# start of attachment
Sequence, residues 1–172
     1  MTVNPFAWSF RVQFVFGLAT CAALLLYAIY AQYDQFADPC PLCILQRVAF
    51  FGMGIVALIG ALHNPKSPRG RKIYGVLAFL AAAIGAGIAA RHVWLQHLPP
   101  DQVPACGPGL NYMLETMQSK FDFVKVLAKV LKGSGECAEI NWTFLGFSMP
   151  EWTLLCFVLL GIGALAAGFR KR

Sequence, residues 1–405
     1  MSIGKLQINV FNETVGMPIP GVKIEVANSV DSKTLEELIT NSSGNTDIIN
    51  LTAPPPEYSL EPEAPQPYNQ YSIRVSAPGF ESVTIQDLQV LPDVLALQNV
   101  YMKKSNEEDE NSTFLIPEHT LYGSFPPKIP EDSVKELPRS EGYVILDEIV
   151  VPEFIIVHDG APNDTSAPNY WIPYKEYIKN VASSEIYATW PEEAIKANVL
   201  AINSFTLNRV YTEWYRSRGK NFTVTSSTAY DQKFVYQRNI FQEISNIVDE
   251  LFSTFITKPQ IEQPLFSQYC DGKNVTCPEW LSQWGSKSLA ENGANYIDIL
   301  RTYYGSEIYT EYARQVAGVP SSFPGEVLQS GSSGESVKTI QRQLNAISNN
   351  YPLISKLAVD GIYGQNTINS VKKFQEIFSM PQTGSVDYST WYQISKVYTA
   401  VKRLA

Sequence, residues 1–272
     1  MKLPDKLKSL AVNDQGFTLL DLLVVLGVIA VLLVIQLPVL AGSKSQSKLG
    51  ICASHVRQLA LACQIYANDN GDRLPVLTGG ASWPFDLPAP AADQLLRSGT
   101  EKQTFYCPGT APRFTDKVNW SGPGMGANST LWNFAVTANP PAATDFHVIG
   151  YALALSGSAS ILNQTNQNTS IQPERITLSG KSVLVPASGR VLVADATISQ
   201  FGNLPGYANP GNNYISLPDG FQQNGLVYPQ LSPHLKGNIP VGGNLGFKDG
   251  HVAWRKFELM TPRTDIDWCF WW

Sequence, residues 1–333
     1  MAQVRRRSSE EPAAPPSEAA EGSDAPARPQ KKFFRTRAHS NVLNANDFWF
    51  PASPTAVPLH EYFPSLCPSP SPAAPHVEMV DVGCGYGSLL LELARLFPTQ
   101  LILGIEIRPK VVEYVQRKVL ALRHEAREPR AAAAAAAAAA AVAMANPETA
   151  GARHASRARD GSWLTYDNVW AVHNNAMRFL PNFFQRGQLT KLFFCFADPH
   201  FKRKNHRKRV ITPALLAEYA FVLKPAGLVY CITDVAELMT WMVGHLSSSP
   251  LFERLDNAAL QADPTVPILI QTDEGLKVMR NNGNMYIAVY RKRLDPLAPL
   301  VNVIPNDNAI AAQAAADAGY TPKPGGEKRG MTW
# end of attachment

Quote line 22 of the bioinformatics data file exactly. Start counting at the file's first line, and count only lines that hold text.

   251  HVAWRKFELM TPRTDIDWCF WW